Case Reports in Otolaryngology

Case Reports in Otolaryngology / 2013 / Article

Case Report | Open Access

Volume 2013 |Article ID 590157 | https://doi.org/10.1155/2013/590157

G. Psillas, M. Daniilidis, A. Gerofotis, K. Veros, A. Vasilaki, I. Vital, K. Markou, "Sudden Bilateral Sensorineural Hearing Loss Associated with HLA A1-B8-DR3 Haplotype", Case Reports in Otolaryngology, vol. 2013, Article ID 590157, 4 pages, 2013. https://doi.org/10.1155/2013/590157

Sudden Bilateral Sensorineural Hearing Loss Associated with HLA A1-B8-DR3 Haplotype

Academic Editor: N. Perez
Received16 May 2013
Accepted28 Jul 2013
Published09 Sep 2013

Abstract

Sudden sensorineural hearing loss may be present as a symptom in systemic autoimmune diseases or may occur as a primary disorder without another organ involvement (autoimmune inner ear disease). The diagnosis of autoimmune inner ear disease is still predicated on clinical features, and to date specific diagnostic tests are not available. We report a case of bilateral sudden hearing loss, tinnitus, intense rotatory vertigo, and nausea in a female patient in which the clinical manifestations, in addition to raised levels of circulating immune complexes, antithyroglobulin antibodies, and the presence of the HLA A1-B8-DR3 haplotype, allowed us to hypothesize an autoimmune inner ear disease. Cyclosporine-A immunosuppressive treatment in addition to steroids helped in hearing recovery that occurred progressively with normalization of the hearing function after a five-month treatment. Cyclosporine-A could be proposed as a therapeutic option in case of autoimmune inner ear disease allowing the suspension of corticosteroids that, at high dose, expose patients to potentially serious adverse events.

1. Introduction

Sudden sensorineural hearing loss (SSNHL) is defined as a loss of 30 dB or more at one or more frequencies over a period of 3 days or less; it is a frustrating and frightening condition, especially if the hearing loss is bilateral. Although vascular and viral mechanisms have been implicated in the aetiology of SSNHL, a high prevalence of autoantibody titer was reported in cases of bilateral SSNHL, possibly suggesting an underlying autoimmune process [1]. We present here a case of bilateral SSNHL associated with the involvement of autoantibodies in the presence of a certain human leukocyte antigen (HLA) haplotype, the HLA A1-B8-DR3 superhaplotype.

2. Case Report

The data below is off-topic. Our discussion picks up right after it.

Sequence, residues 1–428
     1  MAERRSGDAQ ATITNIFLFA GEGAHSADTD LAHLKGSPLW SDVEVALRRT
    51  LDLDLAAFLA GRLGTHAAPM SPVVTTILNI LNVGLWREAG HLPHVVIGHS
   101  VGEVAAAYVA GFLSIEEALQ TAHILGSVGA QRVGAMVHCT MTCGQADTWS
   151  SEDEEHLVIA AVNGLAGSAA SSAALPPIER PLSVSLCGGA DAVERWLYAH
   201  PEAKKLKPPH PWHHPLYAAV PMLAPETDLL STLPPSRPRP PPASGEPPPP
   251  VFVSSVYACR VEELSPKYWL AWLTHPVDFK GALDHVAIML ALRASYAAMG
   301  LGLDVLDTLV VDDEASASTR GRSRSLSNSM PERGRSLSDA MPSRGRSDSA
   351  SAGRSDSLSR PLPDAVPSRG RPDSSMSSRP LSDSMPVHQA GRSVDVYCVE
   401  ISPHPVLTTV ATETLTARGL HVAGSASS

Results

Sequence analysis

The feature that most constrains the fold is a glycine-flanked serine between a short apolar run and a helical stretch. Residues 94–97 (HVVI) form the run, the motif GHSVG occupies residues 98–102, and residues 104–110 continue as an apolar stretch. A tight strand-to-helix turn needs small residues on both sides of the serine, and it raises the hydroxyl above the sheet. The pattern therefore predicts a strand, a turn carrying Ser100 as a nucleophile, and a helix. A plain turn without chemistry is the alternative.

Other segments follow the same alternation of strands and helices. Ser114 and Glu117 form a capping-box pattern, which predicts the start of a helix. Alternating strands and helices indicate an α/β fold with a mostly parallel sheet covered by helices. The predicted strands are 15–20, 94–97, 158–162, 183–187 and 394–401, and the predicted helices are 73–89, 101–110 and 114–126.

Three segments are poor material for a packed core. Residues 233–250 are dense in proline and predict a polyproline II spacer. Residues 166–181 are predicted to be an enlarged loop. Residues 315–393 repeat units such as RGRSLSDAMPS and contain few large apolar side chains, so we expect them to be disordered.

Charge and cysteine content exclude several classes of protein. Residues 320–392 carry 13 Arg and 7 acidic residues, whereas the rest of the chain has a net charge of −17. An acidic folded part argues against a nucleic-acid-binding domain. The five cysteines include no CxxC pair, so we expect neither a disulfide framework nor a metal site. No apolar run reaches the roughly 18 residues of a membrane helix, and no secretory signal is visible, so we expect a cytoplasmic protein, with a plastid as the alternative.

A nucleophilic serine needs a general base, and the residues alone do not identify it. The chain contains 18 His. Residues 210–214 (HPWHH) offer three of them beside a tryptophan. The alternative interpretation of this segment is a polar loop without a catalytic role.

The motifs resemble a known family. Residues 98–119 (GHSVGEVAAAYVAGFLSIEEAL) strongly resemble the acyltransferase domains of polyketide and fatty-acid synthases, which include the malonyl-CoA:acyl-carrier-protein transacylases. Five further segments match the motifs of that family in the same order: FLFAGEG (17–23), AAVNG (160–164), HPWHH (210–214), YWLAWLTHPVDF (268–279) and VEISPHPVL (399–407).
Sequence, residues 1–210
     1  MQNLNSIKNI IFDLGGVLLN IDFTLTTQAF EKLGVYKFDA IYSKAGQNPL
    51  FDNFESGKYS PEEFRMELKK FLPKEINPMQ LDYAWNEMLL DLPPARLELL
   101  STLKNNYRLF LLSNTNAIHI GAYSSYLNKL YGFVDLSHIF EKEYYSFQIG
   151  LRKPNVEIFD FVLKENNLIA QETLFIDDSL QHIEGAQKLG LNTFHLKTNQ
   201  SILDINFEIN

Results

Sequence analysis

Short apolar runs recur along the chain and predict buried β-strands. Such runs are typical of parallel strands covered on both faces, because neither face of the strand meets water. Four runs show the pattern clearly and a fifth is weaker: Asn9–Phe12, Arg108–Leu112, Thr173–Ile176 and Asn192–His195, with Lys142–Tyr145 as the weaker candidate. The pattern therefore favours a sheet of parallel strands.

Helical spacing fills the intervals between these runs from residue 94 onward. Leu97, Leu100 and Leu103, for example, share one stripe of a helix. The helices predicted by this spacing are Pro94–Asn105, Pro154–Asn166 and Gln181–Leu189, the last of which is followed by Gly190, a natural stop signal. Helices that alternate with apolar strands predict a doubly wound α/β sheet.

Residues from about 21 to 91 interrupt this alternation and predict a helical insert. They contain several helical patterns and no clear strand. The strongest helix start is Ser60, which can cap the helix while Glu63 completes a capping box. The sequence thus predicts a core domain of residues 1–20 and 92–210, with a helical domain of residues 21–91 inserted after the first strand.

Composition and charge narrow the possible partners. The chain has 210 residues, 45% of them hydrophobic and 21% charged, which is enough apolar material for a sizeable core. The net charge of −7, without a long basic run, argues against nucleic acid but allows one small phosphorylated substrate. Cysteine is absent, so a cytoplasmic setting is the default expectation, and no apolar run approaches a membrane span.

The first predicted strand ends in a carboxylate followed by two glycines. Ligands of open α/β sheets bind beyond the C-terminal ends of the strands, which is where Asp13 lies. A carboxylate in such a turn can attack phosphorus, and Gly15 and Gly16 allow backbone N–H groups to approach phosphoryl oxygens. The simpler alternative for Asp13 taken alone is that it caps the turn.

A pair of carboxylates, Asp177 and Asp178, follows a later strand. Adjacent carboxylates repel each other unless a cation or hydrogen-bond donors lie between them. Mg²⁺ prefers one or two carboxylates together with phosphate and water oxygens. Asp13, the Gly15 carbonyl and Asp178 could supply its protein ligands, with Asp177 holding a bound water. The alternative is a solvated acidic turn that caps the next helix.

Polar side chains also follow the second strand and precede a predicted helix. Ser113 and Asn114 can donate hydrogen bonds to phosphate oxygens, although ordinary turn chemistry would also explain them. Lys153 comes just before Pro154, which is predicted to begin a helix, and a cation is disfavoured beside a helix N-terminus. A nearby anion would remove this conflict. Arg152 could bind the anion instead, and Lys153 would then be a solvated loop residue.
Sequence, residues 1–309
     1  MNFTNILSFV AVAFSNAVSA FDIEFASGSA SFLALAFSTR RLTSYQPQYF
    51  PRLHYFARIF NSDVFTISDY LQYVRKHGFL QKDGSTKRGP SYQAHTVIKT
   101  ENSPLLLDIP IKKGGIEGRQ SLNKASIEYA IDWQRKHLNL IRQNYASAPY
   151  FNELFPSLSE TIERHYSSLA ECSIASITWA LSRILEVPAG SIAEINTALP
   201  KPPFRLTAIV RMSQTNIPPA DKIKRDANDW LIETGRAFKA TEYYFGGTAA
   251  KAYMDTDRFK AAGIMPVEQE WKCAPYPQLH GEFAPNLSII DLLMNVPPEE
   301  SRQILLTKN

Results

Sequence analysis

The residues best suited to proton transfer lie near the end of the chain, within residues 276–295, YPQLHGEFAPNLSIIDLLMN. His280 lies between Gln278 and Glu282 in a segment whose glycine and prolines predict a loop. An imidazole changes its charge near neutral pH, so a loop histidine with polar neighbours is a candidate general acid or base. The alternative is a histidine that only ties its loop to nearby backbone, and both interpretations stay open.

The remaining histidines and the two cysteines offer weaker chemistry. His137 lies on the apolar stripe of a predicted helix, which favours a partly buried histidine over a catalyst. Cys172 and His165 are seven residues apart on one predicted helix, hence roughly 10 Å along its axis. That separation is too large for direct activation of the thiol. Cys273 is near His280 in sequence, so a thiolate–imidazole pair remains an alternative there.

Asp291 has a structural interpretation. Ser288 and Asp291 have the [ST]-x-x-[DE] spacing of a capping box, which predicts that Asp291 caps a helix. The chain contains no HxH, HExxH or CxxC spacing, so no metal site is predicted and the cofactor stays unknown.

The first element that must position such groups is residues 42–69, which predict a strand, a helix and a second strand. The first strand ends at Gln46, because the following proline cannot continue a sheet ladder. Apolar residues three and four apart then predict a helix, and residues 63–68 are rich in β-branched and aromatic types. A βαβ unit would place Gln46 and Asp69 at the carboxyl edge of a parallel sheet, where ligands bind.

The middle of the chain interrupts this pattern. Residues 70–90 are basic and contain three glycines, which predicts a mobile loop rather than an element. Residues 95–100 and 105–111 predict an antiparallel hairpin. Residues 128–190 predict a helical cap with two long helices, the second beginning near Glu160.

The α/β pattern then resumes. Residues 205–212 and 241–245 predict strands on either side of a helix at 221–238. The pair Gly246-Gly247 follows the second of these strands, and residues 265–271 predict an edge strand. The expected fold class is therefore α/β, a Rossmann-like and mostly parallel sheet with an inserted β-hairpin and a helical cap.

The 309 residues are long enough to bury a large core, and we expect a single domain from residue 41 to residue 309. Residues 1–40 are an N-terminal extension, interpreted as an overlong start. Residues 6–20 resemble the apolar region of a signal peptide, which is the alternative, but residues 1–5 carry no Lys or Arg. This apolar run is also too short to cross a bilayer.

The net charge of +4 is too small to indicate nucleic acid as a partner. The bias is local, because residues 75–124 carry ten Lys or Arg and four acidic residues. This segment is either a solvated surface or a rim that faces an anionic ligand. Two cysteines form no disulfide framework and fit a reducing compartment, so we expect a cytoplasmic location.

A 28-year-old female presented to our clinic complaining of bilateral hearing loss, tinnitus, intense rotatory vertigo, and nausea. She reported that, during the previous two weeks, she experienced 2 episodes of vertigo lasting several hours with associated nausea and vomiting, fullness in her right ear, and pain in both ears. A CT scan and an MRI were normal.

Upon admission, otoneurological examination revealed horizontal nystagmus with fast phase to the left. Otoscopy was normal. The tonic audiogram showed bilateral sensorineural hearing loss, greater in the right ear (Figure 1 ); in the right ear the hearing loss was moderate with deterioration at high frequencies; in the left ear mild hearing loss was present also with deterioration at high frequencies. The patient was administered intravenous corticosteroid and vasodilator drugs. Laboratory/immunological investigation showed normal C3, C4 complement levels, raised levels of circulating immune complexes (5.4 mgEq/mL, ref. values 4), high serum IgE immunoglobulin levels (560 IU/mL, ref. values 10–100), and normal serum IgA, IgM, and IgG immunoglobulins. Thyroid function tests (FT3, FT4, and TSH) and antithyroid peroxidase autoantibodies (anti-TPO) were normal while antithyroglobulin autoantibodies (anti-TG) were found elevated (240 IU/mL, ref. values 0–115). Protein electrophoresis was without anomalous fractions. Blood tests for autoimmunity such as FTA for syphilis, HbA1c for diabetes, HBsAg, and anti-HCV and -HIV were negative. Whole blood count, ferritin, ESR, CRP, ANA, Rf, c-ANCA, p-ANCA, anticardiolipin G,M antibodies were normal. Full blood count coagulation screening (fibrinogen, ATIII, APCR, lupus anticoagulant, and PT, aPTT) was normal.

Two days after the initiation of treatment the vertigo resolved completely. However, the patient complained that she had no improvement of hearing in the right ear, whereas she reported improvement in the left ear.

On the tenth day of treatment, electronystagmography revealed horizontal nystagmus towards the left and down only with the patient’s eyes closed; with the eyes being opened this nystagmus disappeared. The caloric test showed mild (18%) unilateral right paresis and a 100% directional preponderance to the left. VEMPs were present only on the left side.

One month later, at discharge, the patient reported improvement in the left ear although with an intermittent sensation of fullness in the right ear. However, the tonic audiogram (Figure 1 ) showed improvement on both sides, at nearly all frequencies.

Our patient was typed for HLA-A*, -B*, -C*, and -DRB1* by means of a commercially available kit (Dynal Invitrogen Corporation) using the polymerase chain reaction amplification sequence-specific primers method. HLA typing revealed A*01/24, B*08/44, Cw*04/07, and DRB1*03/11 alleles. Methylprednisolone was administered at 64 mg/day for one month, followed by gradual tapering dose in a five-month period. Four months after the initiation of the steroid treatment and on the basis of the immunologic workup at the clinical immunology section, the patient started treatment with cyclosporine-A 175 mg/day in association with methylprednisolone 16 mg/day.